Wow, this makes it a really attractive proposition for me, I have a bit of media sitting on one of my pc’s and I would love to be able to watch if on my TV.

Another important feature is DTS audio support and component video output if you have an older style plasma sitting around.

Continue Reading WD TV-2 spruces up Western Digital’s already attractive media player offering via Engadget

Batching – the new time management secret

My favourite Blogger Darren Rouse has suggested possibly the most remarkable time management strategy I have seen in recent memory.

“Batching”

The basic principle is about grouping tasks by function or similarity and doing them in quick successive order.

Here are some examples of batch “lists” that I would use:

  • Blog posting – Peel off group of blog posts in quick order for later posting that week
  • Redelegation - Moving multiple websites to a server at the same time
  • Workflow - Mindmaping different workflow processes one after the other
  • Strategy - Do all your strategy and “Dreaming” at once

In a way, what we are doing here is grouping tasks that rely on very similar brain functions to be completed. For instance, to my mind (no pun intended) it makes no sense to swap constantly from right brain to left brain constantly. Stay to the left for logic and repetitive linear tasks, and the right for creative lateral thinking tasks.

I have found personally it hard to get into programming, but after about 30 mins I’m in and a simple distraction to creatively deal with an issue in my workplace takes me out of the loop again. Stay in the loop by minimising distractions and grouping programming related tasks into a block of time.

This simple strategy is a process of personal development for me, I have found it hard to group and it does require structuring your life and having strong boundaries.

With a bit of discipline I know you can do it!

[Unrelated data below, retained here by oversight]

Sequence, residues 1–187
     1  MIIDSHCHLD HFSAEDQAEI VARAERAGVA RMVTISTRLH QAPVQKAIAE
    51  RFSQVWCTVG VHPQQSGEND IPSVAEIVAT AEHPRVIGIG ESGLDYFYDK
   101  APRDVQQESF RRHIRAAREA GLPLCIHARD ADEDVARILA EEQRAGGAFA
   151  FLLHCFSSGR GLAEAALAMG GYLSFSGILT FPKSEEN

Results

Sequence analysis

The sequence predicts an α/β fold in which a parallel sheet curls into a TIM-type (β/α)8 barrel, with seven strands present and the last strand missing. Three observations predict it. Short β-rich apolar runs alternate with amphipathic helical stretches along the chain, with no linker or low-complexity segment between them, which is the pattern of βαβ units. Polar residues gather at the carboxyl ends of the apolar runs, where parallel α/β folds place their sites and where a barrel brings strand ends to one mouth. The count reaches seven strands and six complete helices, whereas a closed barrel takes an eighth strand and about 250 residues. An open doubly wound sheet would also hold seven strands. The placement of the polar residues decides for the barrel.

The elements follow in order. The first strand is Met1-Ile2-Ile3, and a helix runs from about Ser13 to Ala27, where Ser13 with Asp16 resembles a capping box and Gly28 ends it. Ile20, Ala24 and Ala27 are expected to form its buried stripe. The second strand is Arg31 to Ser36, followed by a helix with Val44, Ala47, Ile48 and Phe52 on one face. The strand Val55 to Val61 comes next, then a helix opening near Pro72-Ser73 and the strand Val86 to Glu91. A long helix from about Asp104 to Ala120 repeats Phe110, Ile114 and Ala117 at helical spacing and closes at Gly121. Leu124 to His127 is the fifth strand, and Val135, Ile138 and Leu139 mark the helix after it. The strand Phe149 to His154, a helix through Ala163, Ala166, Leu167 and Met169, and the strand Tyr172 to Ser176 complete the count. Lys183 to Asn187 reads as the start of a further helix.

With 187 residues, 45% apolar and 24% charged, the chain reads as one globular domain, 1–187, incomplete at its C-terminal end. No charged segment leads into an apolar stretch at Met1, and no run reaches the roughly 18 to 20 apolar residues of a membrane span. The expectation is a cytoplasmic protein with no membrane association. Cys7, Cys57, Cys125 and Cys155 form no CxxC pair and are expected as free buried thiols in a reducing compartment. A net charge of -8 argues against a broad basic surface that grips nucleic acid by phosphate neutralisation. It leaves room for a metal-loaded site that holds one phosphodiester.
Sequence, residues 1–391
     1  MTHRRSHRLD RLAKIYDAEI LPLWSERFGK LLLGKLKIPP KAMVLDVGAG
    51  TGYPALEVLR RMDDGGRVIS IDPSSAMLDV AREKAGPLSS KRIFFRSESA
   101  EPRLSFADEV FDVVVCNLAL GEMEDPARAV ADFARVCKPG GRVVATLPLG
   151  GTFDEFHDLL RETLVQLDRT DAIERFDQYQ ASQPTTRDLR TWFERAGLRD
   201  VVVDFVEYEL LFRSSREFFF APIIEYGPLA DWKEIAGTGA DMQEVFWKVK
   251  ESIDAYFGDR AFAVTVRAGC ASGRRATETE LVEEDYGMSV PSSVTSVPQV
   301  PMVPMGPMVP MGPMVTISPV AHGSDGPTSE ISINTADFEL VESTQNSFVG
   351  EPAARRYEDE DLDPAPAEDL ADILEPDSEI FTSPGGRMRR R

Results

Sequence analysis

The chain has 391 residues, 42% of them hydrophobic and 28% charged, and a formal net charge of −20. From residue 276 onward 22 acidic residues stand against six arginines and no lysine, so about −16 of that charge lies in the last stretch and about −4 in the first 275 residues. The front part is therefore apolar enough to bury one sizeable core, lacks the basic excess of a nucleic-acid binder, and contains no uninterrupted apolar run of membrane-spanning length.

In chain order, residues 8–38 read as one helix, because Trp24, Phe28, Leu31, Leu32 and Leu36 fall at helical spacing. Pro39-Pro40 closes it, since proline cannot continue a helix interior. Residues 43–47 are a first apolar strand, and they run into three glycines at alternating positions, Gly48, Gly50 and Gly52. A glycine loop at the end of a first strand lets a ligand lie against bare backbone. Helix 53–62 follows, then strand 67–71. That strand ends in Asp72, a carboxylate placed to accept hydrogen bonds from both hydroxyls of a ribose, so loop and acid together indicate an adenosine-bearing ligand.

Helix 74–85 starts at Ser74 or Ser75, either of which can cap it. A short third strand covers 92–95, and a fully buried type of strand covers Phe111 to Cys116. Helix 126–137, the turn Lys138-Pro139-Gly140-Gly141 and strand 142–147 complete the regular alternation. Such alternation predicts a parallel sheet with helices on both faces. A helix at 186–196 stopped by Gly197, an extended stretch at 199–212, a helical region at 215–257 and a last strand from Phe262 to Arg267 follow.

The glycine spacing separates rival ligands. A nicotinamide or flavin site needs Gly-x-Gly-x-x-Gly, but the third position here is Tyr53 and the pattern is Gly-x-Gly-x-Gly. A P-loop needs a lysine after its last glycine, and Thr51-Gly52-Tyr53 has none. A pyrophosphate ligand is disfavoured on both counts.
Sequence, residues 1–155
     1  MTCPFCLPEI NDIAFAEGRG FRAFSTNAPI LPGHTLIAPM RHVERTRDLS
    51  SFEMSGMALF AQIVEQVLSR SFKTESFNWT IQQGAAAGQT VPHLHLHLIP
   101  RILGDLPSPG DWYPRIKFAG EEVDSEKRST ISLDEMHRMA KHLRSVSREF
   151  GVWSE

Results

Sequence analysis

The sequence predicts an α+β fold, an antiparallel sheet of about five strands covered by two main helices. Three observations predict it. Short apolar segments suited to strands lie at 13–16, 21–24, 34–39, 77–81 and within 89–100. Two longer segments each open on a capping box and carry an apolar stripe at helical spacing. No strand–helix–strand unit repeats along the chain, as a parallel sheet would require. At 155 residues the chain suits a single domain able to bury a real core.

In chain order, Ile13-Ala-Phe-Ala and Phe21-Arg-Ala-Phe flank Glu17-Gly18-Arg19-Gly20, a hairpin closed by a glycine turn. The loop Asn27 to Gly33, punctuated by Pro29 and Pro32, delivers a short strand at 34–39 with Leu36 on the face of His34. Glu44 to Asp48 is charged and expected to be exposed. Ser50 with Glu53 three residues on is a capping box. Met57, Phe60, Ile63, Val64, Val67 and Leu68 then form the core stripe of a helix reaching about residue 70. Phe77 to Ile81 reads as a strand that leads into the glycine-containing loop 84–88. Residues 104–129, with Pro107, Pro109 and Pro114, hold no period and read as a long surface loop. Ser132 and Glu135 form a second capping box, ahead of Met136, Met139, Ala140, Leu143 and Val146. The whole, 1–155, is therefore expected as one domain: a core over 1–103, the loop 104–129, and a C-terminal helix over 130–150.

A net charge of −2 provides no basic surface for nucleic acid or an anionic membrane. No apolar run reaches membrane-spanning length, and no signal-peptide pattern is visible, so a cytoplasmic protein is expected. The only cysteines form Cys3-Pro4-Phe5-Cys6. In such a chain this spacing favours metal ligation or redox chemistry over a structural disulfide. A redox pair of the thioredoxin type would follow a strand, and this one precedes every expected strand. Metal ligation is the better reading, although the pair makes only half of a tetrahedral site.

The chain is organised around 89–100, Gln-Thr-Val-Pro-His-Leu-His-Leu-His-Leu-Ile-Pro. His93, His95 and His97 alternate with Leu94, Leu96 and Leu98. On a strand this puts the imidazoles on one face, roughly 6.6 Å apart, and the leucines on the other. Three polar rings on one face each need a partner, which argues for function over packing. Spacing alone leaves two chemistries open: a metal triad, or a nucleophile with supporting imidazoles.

WordPress 2.5 now supported by Fantastico

Imagine my delight when on adding a hosting account for a friend that WordPress 2.5 was available!

So with much delight I set to and upgraded all three of my own Blogs in about 3 minutes flat.

So easy to do.

The alternative was to hard to even consider… Spending the night backing up and ftping all the files to all three sites, running through the setup procedure etc etc.

Voip – added a Digium TDM400

We just added a Digium TDM400P with three FXO ports into our voice server at our Crown Court location at Generation Church.

This has a number of ramifications:

  • Not paying for call forwards to our VOIP provider
  • Our three copper lines hook straight into our virtual voice infrastructure – all lines are available at both locations
  • Phones still work if our internet connection goes down
  • We can still use our outgoing voip lines
  • We can route all 000 (911) and 1800 number calls through the zaptel (Digium) lines.

It’s the icing on the cake, it means that we get all the benefits of both copper (PSTN) and VOIP!

We bought the card from Dean Davis from withtel.

Additional pricing can be found at Techtopia for Aussies, and telephonyware in the USA.

 

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Asterisk VOIP Servers at Generation

After a month of wrangling, we now have two Asterisk servers running between our two offices.

Our main server, located on a fat fibre connection manages our main connection to our VOIP provider – Faktortel.

It’s been an interesting challenge getting the two servers to talk together. In the end it was a NAT issue.

I have now discovered that NAT is a VOIP technicians worst nightmare. The main reason I added a second dedicated voip server at our central campus was because of NAT (Network Address Translation).